151 150 THEMES PER MONTH Key focus areas : Institutionalising & Mainstreaming BP NORTH WEST - CONSULTATION LEAD DEPT & PROJ MGR PROVIAL RESP OFF 1). Education DPSA 4) Health 5) Rural, Urban & Com Dev 6) Youth Development 7) African & Int. Solidarity 8) Women emancipation 9) Culture & Heritage 3) Human Rights 2) Safety & Security DPSA August September July June May April March February January 10). Rights of the child DPSA October 11)Environment November DPSA NW Awareness campaign; KYSC; Bursaries Information sessions; 1). Education 3) Human Rights 2) Safety & Security 4) Health 5) Rural, Urban & Com Dev 1). Education 3) Human Rights 2) Safety & Security 6) Youth Development 7) African & Int. Solidarity 8) Women emancipation 9) Culture & Heritage 4) Health 5) Rural, Urban & Com Dev 1). Education 3) Human Rights 2) Safety & Security DPSA 6) Youth Development 7) African & Int. Solidarity 8) Women emancipation 9) Culture & Heritage 4) Health 5) Rural, Urban & Com Dev 1). Education 3) Human Rights 2) Safety & Security DPSA 6) Youth Development 7) African & Int. Solidarity 8) Women emancipation 9) Culture & Heritage 4) Health 5) Rural, Urban & Com Dev 1). Education 3) Human Rights 2) Safety & Security DPSA 6) Youth Development 7) African & Int. Solidarity 8) Women emancipation 9) Culture & Heritage 4) Health 5) Rural, Urban & Com Dev 1). Education 3) Human Rights 2) Safety & Security

152 151 Preparation: What is expected from us 1.Creating common understanding on/about Consultation 2.Programme of Action 3.Monthly themes 4.Monthly themes input 5.Consolidation for presentation during Vuna/Premier’s/Excellence Awards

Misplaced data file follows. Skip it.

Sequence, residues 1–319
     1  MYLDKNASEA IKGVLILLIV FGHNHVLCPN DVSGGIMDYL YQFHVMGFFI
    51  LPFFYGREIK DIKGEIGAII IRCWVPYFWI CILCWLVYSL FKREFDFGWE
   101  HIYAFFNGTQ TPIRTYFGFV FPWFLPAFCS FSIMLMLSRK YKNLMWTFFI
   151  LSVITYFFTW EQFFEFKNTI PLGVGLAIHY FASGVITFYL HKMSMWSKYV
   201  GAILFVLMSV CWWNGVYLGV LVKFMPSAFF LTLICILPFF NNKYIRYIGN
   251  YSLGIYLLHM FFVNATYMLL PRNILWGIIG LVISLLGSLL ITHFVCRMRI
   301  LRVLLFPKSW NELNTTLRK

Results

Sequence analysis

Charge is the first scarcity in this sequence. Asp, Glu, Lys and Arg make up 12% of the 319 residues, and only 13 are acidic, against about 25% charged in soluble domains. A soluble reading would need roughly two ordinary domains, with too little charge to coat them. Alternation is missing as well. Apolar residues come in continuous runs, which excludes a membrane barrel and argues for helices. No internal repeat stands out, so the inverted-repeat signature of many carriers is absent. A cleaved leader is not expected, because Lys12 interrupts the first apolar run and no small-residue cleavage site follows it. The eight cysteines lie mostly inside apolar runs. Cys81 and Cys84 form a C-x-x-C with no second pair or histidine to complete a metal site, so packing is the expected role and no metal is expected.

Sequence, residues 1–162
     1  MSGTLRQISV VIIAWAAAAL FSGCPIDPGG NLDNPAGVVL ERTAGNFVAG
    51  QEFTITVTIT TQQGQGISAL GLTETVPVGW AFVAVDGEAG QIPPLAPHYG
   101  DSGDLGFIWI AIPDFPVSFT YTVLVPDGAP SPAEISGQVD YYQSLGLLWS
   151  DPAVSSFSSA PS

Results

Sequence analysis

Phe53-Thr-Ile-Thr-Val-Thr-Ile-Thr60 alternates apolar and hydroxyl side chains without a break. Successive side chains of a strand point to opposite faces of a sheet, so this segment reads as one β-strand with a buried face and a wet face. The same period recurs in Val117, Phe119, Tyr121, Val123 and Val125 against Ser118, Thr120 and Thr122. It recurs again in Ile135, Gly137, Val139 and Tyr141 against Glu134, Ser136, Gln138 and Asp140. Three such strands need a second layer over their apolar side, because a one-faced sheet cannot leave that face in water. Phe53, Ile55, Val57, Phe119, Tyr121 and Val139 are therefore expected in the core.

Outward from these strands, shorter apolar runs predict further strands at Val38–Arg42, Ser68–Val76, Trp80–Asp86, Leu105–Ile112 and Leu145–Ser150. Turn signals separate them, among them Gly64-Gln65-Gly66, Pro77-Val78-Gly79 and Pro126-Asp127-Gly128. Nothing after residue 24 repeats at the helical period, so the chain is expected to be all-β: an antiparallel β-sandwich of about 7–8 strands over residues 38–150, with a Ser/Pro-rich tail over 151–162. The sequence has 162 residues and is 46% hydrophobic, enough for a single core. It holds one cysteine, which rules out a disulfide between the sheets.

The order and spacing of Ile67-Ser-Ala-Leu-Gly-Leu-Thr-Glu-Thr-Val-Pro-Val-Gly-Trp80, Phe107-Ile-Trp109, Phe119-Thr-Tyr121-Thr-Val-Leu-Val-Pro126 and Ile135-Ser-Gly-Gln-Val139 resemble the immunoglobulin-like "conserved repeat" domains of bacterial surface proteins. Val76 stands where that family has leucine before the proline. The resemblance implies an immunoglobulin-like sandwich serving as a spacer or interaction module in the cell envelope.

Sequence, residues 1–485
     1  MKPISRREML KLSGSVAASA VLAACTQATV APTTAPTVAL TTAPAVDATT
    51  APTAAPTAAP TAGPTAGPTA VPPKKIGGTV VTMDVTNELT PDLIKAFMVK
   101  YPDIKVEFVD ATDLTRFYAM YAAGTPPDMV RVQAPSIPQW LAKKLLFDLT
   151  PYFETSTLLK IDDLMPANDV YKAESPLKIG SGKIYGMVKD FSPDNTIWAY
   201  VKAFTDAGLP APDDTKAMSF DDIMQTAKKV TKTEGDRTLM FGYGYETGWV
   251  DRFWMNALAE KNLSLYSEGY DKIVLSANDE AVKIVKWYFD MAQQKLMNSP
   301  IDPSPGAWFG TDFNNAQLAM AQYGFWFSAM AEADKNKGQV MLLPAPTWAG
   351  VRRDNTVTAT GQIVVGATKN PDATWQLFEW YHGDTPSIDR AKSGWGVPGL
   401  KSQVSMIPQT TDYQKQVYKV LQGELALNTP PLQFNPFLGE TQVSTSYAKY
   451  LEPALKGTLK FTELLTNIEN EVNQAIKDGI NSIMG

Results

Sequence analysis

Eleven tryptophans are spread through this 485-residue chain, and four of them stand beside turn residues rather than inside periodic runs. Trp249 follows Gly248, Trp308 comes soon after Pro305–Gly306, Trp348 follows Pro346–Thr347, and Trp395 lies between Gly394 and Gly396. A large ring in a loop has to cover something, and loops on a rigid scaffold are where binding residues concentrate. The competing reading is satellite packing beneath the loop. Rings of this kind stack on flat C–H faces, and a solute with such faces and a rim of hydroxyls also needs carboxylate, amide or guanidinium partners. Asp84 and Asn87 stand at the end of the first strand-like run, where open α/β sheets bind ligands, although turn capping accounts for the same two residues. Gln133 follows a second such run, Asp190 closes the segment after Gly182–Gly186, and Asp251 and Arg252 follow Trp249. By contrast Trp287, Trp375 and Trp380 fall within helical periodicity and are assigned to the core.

153 152 Unpack themes Monthly dedicated themes, aligned with govt priorities: –Jan- Education Awareness campaign; Information sessions (to instil professionalism and work ethics); Know Your Service Rights and Responsibilities Project Project Khaedu Training Interventions RED DOOR Cascading Batho Pele to Local Government (Educate municipal workers the Batho Pele way) Bursaries (how bursaries are allocated and changing policy to address inequalities of the past). Internship programmes Mentorship programmes Programme funding Learnerships specifically for people with disabilities –Feb- Safety and security –Occupational Health and Safety –Access control (including access for people of disabilities) –Road safety –Government property and equipment –Safety of personnel and clients